"The question of Shakespeare's share in this play is really insoluble. On the one hand, there are reasons making it very difficult to believe that he can have had any concern in it; particularly the heavy and undramatic construction of the piece, and the want of individuality in the characters. Besides, we encounter in it direct and palpable imitations of Shakespeare himself; among which the most prominent is the wretchedly drawn character of the jailor's daughter. On the other hand, there are, in many passages, resemblances of expression (in the very particulars in which our two poets are most unlike Shakespeare) so close, that we must either admit Shakespeare's authorship of these parts, or suppose Fletcher or some one else to have imitated him designedly, and with very marvellous success. Among these passages, too, there are not a few which display a brilliancy of imagination, and a grasp of thought, much beyond Fletcher's ordinary pitch. Readers who lean to Mr Dyce's theory, will desire to learn his grounds for believing that Fletcher's labour in the play was performed in the latter part of his life. It appears to us that the piece bears a close likeness to those more elevated works which are known to have been among the earliest of our series: and if it were not an unbrotherly act to throw a new bone of contention among the critics, we would hint that there is no evidence entitling us peremptorily to assert that Fletcher was concerned in the work to the exclusion of Beaumont.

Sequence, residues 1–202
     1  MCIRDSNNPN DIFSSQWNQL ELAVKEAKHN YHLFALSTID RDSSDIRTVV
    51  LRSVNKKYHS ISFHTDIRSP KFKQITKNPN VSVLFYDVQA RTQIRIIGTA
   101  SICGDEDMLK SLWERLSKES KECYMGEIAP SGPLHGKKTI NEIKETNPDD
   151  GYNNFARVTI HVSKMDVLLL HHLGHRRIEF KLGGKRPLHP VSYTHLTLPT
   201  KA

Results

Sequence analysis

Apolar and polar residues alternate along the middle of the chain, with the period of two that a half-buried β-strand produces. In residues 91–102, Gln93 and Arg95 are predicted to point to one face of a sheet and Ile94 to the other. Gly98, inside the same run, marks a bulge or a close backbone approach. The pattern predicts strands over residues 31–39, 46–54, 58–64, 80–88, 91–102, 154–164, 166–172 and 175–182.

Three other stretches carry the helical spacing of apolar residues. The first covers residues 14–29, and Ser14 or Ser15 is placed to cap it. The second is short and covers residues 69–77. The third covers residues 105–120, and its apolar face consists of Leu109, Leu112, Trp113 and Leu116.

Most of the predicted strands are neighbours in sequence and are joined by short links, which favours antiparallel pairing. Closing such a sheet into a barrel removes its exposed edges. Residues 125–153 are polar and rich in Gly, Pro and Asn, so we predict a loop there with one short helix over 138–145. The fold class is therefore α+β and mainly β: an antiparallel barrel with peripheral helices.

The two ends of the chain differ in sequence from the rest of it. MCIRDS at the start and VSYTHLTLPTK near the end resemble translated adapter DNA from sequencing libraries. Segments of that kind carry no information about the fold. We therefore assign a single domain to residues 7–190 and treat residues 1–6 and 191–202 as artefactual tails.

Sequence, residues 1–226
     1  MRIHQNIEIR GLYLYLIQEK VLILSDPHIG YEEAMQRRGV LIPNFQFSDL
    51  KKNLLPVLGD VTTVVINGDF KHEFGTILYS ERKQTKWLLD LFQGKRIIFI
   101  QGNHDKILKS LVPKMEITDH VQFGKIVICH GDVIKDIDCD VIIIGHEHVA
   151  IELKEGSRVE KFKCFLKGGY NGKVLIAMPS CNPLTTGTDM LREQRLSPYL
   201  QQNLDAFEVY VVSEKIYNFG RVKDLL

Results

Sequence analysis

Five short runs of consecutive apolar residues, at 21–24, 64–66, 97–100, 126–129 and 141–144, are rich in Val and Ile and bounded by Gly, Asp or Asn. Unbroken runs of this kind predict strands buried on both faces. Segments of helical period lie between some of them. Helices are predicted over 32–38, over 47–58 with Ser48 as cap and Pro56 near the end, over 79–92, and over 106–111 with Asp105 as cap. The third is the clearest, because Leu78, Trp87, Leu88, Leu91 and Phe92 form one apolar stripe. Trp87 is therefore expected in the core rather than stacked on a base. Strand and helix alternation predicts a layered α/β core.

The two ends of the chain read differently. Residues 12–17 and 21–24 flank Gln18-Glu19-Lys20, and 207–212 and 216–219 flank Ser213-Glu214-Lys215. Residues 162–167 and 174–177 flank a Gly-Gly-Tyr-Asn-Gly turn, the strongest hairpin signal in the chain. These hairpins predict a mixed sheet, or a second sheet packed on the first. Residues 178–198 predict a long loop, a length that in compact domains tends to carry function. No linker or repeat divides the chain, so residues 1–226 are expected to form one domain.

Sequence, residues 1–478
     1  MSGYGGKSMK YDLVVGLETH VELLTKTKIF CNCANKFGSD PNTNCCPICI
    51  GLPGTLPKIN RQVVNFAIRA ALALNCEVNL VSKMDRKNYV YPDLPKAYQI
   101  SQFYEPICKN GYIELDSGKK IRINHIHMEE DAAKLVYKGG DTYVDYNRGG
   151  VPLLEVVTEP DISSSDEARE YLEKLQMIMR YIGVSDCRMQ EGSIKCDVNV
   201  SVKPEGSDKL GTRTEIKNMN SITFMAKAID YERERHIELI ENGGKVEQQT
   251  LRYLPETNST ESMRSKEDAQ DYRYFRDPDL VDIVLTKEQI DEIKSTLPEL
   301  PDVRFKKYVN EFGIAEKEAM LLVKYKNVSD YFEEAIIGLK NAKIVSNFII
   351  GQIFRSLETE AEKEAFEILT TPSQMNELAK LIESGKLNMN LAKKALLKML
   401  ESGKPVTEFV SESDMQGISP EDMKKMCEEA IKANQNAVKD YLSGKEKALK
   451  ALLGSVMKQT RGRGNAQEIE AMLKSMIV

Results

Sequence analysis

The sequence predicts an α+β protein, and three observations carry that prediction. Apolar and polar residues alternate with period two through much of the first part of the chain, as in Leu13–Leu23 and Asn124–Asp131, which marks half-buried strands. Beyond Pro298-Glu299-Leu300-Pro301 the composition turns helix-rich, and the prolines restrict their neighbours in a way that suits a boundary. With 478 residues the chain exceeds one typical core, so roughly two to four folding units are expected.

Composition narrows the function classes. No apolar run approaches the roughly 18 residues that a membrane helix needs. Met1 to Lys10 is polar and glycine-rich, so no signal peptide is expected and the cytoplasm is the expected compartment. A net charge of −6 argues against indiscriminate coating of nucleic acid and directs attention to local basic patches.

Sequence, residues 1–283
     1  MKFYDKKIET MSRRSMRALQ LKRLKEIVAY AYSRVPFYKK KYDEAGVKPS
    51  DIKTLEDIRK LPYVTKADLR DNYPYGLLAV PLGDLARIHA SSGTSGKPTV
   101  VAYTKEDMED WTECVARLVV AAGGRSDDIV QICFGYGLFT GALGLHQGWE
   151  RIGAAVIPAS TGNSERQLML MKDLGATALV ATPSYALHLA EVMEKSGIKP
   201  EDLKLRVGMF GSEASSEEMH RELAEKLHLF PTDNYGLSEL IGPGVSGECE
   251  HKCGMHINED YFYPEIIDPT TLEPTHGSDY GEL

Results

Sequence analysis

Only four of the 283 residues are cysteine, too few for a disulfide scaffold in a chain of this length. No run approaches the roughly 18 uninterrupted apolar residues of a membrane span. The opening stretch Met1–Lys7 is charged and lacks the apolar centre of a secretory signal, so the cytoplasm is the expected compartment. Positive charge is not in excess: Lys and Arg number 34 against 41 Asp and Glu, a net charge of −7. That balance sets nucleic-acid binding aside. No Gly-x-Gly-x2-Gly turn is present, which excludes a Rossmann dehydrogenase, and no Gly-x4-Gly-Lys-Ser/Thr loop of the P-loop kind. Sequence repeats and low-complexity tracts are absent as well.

"Be the authorship whose it may, 'The Two Noble Kinsmen' is undoubtedly one of the finest dramas in the volumes before us. It contains passages which, in dramatic vigour and passion, yield hardly to anything-perhaps to nothing—in the whole collection; while for gorgeousness of imagery, for delicacy of poetic feeling, and for grace, animation, and strength of language, we doubt whether there exists, under the names of our authors, any drama that comes near to it. Never has any theme enjoyed the honours which have befallen the semi-classical legend of Palamon and Arcite. Chosen as the foundation of chivalrous narrative by Boccaccio, Chaucer, and Dryden, it has furnished one of the In the Edinburgh Review for April 1841, p. 237-8, Prof. Spalding says that in Fletcher's Spanish Curate, "The scene of defiance and threatening between Jamie and Henrique is in one of Fletcher's best keys ;-not unlike a similar scene in 'The Two Noble Kinsmen.'" Act III. sc. i.